Piston Slap: A Faltering Ford’s ESP?

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guarantee.  Castleski, Shutterstock user

Tick writing :

Sajeev–

I’m sure you’ve answered similar questions in the past, but in the spirit of basic cable, here’s a possible repeat: I have a 2012 Mustang V6 with the performance package and a 6-speed manual transmission. It’s getting to 26,000 miles so I have 10,000 miles and/or about 9 months before the 3/36 bumper to bumper warranty expires. The car has had a few warranty issues so far, the biggest being a new steering box at around 15,000 miles. A nearby Ford dealer will sell me a Ford factory warranty (not an aftermarket roll of the dice) to double the 3/36 coverage for around $1200.

It comes with a $100 deductible, and if I sell the car before the warranty expires, I can get the unused part refunded. Normally I wouldn’t consider buying an extended warranty, but so far I’ve had enough trouble with the car and read enough horror stories about the MT82 gearbox to make you think. I don’t really know how long I’m going to keep the car, but I like the idea of ​​having that warranty security coverage for as long as I have it. What is your point of view ?

Sajeev answers:

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There’s nothing wrong with reviving a classic! We’ve already said that “scary” euro-metal needs an extended warranty, as long as you’re looking for the best price. And that less terrifying metal might not come with any warranties, even factory ones with fancy loaner Lexus cars and fancy Lexus sedans. So why not discuss Ford’s ESP plan?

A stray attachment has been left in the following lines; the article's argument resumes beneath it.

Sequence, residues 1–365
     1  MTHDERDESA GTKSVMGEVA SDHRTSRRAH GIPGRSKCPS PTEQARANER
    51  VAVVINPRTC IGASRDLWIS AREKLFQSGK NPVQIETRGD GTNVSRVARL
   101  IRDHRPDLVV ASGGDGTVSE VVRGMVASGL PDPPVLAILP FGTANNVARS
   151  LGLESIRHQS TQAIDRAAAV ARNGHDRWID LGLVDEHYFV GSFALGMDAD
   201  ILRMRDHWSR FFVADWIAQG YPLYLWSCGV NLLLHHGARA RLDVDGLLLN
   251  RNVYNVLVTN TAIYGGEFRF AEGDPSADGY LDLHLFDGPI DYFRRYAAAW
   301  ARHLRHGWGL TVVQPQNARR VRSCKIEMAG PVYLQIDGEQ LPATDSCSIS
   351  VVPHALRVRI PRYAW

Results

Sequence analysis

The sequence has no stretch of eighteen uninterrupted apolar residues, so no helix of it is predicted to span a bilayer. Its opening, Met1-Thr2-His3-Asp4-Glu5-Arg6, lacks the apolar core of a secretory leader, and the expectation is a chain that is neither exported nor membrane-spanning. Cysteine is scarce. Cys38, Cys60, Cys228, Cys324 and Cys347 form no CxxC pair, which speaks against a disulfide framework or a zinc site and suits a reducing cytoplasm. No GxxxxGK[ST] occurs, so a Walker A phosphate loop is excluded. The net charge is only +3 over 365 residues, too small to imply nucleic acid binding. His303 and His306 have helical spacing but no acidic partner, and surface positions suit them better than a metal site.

This mundane, low-value Ford product (unlike Lexus and BMW) is not an easy vehicle to evaluate and judge. Other than the well-known MT82, will an “unmodified” Mustang experience a significant failure within the next 72,000 miles and 3 years? I suppose not. And will the MT82 survive under the V6’s less aggressive torque curve and shifting behaviour? AN It’s completely possible.

Back to the unmodified part: assuming you don’t dodge warranty issues with non-stock engine tuning (thus pushing the limits of “safe” aftermarket air-fuel ratios) or suspension bits aftermarket, etc. it’s not likely to break anything big enough to justify the cost of the warranty.

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My gut tells me no, don’t get an extended warranty. Instead, get a local mechanic you trust and use places like Rockauto and eBay for replacement parts. But if peace of mind is right for you, stick to the factory warranty (ie Ford ESP) and shop around: you might be able to get it for less by emailing dealerships across the country.

[Image: Shutterstock user Castleski]

Send your questions to [email protected]com. Don’t skimp on the details and ask for a quick resolution if you’re in a hurry…but be realistic and use your make/model specific forums instead of TTAC for more timely advice.

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Source : thetruthaboutcars.com

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